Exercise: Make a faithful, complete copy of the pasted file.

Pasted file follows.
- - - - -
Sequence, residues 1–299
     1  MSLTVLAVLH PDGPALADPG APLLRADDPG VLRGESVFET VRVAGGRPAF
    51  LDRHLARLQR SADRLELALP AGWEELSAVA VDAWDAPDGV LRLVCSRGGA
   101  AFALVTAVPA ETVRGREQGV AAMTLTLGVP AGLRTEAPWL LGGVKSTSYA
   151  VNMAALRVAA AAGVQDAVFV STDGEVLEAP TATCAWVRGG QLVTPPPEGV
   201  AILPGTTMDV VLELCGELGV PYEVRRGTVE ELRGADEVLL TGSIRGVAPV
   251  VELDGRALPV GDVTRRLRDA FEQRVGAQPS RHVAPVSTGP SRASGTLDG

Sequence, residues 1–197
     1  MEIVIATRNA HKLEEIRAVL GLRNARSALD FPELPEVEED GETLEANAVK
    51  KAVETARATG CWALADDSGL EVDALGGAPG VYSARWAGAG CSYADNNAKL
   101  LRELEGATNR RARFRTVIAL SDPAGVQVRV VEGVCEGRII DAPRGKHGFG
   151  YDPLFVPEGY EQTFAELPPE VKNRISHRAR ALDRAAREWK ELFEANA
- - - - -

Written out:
Sequence, residues 1–299
     1  MSLTVLAVLH PDGPALADPG APLLRADDPG VLRGESVFET VRVAGGRPAF
    51  LDRHLARLQR SADRLELALP AGWEELSAVA VDAWDAPDGV LRLVCSRGGA
   101  AFALVTAVPA ETVRGREQGV AAMTLTLGVP AGLRTEAPWL LGGVKSTSYA
   151  VNMAALRVAA AAGVQDAVFV STDGEVLEAP TATCAWVRGG QLVTPPPEGV
   201  AILPGTTMDV VLELCGELGV PYEVRRGTVE ELRGADEVLL TGSIRGVAPV
   251  VELDGRALPV GDVTRRLRDA FEQRVGAQPS RHVAPVSTGP SRASGTLDG

Sequence, residues 1–197
     1  MEIVIATRNA HKLEEIRAVL GLRNARSALD FPELPEVEED GETLEANAVK
    51  KAVETARATG CWALADDSGL EVDALGGAPG VYSARWAGAG CSYADNNAKL
   101  LRELEGATNR RARFRTVIAL SDPAGVQVRV VEGVCEGRII DAPRGKHGFG
   151  YDPLFVPEGY EQTFAELPPE VKNRISHRAR ALDRAAREWK ELFEANA